Calletana as played by Irene Taylor and Dona Florinda as performed by Luisa Elberg-Urbina, charmed me in their respective pieces. I felt that both these women avoided some of the traps that Confessions can lead to in the writing, mainly the presentation and portrayal of these women as victims. The playing of “victimization” in search for emotion or audience sympathy is actually quite alienating. The dramatic conflict of all the characters in the piece is their struggle to be happy, their fighting spirit to possess the human dignity that they deserve. Taylor and Elberg-Urbina do an extremely solid job of avoiding self pity and allowing the audience to feel for them.
This leads to the extremely difficult pieces tasked to Aidee Rodriguez and Roberta Guerra as Yoko and Roxy, respectively. Although Rodriguez’s Japanese speech and dance look authentic, both performances fall a bit flat. This may be due in large part to the fact that Confessions all too often degrades other people with horrific stereotypes (Men in the show are abusive, cheaters and rapists showing no redeeming qualities. The Japanese have small genitalia and breasts, Jewish men are good with money, white people lack passion, et cetera) while attempting to denounce and destroy any stereotypical assumptions about Latinas. The backpedaling becomes an exercise in self-consumption and no two pieces represent this more than Yoko and Roxy. The characters themselves can be highly flawed, vulnerable humans, but the pieces don’t offer the performers simple routes into audience empathy and the young actresses struggle a bit to carry Josefina’s weight.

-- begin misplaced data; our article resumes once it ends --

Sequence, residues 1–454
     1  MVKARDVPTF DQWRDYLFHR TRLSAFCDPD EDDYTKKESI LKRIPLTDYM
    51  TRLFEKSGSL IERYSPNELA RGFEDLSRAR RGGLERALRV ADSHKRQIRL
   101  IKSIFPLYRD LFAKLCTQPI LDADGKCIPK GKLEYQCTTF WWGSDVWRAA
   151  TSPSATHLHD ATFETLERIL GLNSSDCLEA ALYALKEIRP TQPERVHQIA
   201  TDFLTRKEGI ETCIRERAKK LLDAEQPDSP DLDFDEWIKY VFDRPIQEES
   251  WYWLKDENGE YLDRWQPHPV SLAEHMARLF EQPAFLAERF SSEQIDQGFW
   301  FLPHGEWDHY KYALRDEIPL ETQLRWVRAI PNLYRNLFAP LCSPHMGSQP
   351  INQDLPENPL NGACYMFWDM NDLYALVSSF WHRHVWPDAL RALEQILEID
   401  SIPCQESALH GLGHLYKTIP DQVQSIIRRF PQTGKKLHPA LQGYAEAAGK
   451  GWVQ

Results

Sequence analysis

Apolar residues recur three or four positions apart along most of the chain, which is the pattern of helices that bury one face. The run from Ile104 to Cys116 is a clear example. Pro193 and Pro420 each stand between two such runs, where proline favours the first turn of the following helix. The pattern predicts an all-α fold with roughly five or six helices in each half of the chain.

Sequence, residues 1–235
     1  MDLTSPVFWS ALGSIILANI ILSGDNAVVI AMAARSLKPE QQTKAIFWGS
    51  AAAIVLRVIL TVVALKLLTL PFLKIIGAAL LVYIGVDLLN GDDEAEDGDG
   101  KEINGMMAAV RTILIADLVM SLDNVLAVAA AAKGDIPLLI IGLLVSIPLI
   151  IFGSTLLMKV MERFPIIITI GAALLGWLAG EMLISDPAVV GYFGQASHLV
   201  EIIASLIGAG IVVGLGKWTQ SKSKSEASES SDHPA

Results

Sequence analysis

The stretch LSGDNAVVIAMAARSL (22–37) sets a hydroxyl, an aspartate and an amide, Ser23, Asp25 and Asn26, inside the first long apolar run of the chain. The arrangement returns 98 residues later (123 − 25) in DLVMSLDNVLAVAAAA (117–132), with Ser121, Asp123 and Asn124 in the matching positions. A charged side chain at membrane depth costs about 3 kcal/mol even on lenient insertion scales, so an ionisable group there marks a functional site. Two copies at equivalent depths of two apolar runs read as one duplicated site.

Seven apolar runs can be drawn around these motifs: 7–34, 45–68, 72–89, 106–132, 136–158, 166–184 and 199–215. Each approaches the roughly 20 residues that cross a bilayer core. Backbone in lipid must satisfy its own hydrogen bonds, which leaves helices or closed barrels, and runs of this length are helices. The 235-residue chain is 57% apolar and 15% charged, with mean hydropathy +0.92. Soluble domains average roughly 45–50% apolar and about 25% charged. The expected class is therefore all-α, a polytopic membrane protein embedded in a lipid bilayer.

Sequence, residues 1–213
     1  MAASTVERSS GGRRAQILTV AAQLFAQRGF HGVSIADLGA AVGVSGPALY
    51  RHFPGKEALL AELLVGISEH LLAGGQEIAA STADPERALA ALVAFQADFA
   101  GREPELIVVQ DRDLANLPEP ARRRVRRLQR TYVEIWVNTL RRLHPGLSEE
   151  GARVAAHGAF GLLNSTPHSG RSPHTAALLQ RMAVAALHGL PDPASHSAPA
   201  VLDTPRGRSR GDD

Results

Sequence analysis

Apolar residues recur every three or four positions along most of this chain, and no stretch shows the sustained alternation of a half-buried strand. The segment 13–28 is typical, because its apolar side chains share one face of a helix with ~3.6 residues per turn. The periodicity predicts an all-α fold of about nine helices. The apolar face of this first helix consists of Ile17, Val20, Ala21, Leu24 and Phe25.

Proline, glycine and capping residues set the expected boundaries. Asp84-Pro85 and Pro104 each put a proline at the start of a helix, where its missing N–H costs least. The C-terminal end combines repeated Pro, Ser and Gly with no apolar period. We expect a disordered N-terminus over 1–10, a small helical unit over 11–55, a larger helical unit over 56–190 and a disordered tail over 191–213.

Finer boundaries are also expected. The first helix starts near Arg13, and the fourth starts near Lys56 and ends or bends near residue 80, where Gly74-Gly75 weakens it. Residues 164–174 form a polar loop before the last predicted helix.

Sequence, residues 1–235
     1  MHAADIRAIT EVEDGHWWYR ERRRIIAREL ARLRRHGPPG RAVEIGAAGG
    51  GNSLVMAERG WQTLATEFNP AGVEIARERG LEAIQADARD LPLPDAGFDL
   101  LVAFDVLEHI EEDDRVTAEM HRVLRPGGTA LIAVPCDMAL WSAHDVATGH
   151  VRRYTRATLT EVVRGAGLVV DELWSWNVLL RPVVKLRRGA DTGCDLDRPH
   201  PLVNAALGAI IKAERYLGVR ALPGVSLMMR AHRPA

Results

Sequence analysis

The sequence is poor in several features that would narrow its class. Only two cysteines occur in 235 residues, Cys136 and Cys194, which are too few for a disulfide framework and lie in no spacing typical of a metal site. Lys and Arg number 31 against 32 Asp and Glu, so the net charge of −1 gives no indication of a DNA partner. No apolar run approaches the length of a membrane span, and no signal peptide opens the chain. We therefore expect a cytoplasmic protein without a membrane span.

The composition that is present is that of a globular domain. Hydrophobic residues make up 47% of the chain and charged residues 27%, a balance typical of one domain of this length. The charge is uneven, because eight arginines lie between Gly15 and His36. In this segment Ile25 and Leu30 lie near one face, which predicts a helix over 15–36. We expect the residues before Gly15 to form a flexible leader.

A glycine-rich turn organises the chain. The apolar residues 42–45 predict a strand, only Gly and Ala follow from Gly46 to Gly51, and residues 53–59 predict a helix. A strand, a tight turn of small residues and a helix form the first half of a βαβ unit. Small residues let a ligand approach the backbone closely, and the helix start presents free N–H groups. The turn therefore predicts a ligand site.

The final piece of the night comes to Eurydice Saucedo portraying the intense revolutionary Valentina. Saucedo proves solid enough and strong enough to convey the role, but somewhat lacks the fiery conviction Valentina’s heroes Cesar Chavez and Martin Luther King, Jr. If Saucedo is literally able to unite and inspire these disparate Latinas and us the audience then the show will truly come together in the passionate exultation of camaraderie that Valentina calls out for.